Granting that this is the case, it is evident to the mind of man, whether illuminated by special revelation or not, that civil governments ought to base their laws and policies not on falsehood but on reality. It would be absurd to hold that while it is good for individuals to base their lives on reality, it is perfectly reasonable and harmless for entire societies to be grounded in fundamentally false views about the nature of the universe. This is why Atheists and Agnostics are so bent on bringing about a fully secular society. A secular society is a society that assumes that we have no knowledge of the supernatural but only of the natural world. Secularists like to present secularism as a neutral point of view upon which government can be based, but of course it is not neutral at all--it is the political instantiation of Agnosticism or Atheism. How foolish, then, is it for Christians to advocate for a secular society! Can we imagine Atheists advocating for a Christian or an Islamic theocracy? Of course not. And yet we see Christians all too often advocating for an Agnostocracy or an Atheocracy (though they don't put it so bluntly).
Both Christian common-sense, then, as well as the Bible, leads us to conclude that the civil government should not be secular but should be explicitly, officially Christian. The civil magistrate should acknowledge and establish the true Christian religion and base his laws and policies on that truth. We see this idea put forward, among many other places in Scripture, in Romans 13:1-7:
Let every soul be subject unto the higher powers. For there is no power but of God: the powers that be are ordained of God. Whosoever therefore resisteth the power, resisteth the ordinance of God: and they that resist shall receive to themselves damnation. For rulers are not a terror to good works, but to the evil. Wilt thou then not be afraid of the power? do that which is good, and thou shalt have praise of the same: For he is the minister of God to thee for good. But if thou do that which is evil, be afraid; for he beareth not the sword in vain: for he is the minister of God, a revenger to execute wrath upon him that doeth evil. Wherefore ye must needs be subject, not only for wrath, but also for conscience sake. For for this cause pay ye tribute also: for they are God's ministers, attending continually upon this very thing. Render therefore to all their dues: tribute to whom tribute is due; custom to whom custom; fear to whom fear; honour to whom honour.The Westminster Confession summarizes this teaching in this way:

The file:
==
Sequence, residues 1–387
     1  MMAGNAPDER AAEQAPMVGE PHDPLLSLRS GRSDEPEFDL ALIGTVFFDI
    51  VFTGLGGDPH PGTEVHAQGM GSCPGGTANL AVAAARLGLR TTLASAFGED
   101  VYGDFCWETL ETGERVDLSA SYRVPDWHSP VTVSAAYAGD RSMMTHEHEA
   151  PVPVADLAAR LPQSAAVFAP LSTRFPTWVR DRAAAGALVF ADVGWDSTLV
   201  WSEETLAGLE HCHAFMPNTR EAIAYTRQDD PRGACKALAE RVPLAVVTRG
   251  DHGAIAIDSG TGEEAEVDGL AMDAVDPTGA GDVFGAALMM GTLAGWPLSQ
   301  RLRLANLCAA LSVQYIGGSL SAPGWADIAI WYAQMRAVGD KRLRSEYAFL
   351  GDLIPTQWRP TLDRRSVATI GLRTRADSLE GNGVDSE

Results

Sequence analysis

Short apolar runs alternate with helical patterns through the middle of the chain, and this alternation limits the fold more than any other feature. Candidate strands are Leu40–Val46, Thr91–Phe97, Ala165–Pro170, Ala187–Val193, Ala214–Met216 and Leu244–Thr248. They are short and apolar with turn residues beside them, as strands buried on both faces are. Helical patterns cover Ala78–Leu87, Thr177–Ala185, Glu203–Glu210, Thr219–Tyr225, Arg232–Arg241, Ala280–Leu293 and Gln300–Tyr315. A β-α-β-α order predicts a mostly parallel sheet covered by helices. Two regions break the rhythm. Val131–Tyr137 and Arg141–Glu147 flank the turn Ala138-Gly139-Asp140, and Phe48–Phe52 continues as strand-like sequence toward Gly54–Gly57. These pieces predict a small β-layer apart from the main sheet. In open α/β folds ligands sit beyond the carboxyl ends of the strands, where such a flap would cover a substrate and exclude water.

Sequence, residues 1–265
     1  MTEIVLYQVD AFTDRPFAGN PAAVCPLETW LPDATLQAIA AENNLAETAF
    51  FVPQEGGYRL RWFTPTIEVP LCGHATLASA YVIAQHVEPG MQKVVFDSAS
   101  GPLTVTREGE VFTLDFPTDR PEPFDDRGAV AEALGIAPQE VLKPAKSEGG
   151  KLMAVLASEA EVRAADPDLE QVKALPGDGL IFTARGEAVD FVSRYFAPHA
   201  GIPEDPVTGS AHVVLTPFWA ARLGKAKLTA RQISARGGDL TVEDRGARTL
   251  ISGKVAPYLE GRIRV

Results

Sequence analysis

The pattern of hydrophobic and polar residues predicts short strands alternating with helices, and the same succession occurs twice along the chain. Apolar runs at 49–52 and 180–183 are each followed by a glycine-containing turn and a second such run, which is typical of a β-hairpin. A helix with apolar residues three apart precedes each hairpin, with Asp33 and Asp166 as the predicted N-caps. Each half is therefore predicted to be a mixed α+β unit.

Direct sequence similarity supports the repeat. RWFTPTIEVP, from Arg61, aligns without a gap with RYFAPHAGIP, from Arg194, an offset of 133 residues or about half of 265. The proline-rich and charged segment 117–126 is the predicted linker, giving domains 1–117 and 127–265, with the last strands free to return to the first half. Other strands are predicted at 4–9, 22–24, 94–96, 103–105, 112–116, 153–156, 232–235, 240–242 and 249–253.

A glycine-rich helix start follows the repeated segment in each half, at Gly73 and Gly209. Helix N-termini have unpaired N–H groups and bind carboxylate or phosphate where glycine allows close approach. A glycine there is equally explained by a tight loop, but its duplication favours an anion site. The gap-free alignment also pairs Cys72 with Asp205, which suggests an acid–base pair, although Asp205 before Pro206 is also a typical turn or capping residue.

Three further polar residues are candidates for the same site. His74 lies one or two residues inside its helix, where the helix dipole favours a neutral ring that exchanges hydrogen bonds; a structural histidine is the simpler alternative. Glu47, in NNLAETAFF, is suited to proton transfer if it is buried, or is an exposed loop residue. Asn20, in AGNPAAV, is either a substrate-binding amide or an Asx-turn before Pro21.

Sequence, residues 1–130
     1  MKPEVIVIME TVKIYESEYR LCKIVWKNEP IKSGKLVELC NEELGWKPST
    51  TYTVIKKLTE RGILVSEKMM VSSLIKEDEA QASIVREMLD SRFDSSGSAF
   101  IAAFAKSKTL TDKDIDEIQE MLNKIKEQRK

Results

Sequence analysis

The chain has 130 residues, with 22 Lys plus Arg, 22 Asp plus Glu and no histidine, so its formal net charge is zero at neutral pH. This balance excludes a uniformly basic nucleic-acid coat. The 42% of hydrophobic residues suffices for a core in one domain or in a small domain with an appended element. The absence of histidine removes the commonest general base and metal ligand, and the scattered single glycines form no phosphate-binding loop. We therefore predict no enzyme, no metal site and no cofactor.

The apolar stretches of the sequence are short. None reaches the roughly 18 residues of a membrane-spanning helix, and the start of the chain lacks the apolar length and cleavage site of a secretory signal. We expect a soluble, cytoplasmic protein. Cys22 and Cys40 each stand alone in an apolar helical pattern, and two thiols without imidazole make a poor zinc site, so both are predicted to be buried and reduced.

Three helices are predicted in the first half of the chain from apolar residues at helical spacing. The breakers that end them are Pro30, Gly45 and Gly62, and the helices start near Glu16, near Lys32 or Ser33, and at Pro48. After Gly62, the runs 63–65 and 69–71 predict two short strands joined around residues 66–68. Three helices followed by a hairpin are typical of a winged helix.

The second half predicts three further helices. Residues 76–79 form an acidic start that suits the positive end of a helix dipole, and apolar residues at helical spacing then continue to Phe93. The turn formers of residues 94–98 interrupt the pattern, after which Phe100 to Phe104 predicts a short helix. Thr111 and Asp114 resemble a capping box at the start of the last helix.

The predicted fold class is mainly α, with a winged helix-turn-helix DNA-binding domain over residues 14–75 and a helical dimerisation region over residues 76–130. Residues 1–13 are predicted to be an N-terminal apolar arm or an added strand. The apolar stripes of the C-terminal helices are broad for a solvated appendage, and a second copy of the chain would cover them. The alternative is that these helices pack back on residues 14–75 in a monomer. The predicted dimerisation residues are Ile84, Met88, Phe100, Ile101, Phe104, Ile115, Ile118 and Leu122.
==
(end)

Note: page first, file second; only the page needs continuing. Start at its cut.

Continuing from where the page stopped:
God, the supreme Lord and King of all the world, has ordained civil magistrates, to be, under Him, over the people, for His own glory, and the public good: and, to this end, has armed them with the power of the sword, for the defense and encouragement of them that are good, and for the punishment of evil doers. (WCF 23:1)
The civil magistrate is the "minister of God", whose job it is to keep the public sphere clear of evil and safe for the good as much as possible, judging good and bad and learning the rules and methods of his governing from the revelation of God.
Note also that these biblical principles do not lead to the conclusion that the civil magistrate should acknowledge and ground his laws in only some portion of God's revealed truth while neglecting other parts of it. The established religion should not be merely a lowest-common-denominator, watered-down form of Christianity, but it should embrace the fullness of the the whole counsel of God. Just as the individual, and the family, and the church, has no right to ignore any portion of God's Word, so the civil magistrate must also acknowledge all of it. The church ought not to be simply "Christian" in a lowest-common-denominator sort of way, but it should have a confession that is distinctly Reformed and Presbyterian (because the Reformed faith, summarized in the Westminster Standards, is the full and purest expression of biblical Christianity). Similarly, it is not just a watered-down Christianity that should be embraced by the civil magistrate and by the entire society, but true, biblical, Reformed Christianity.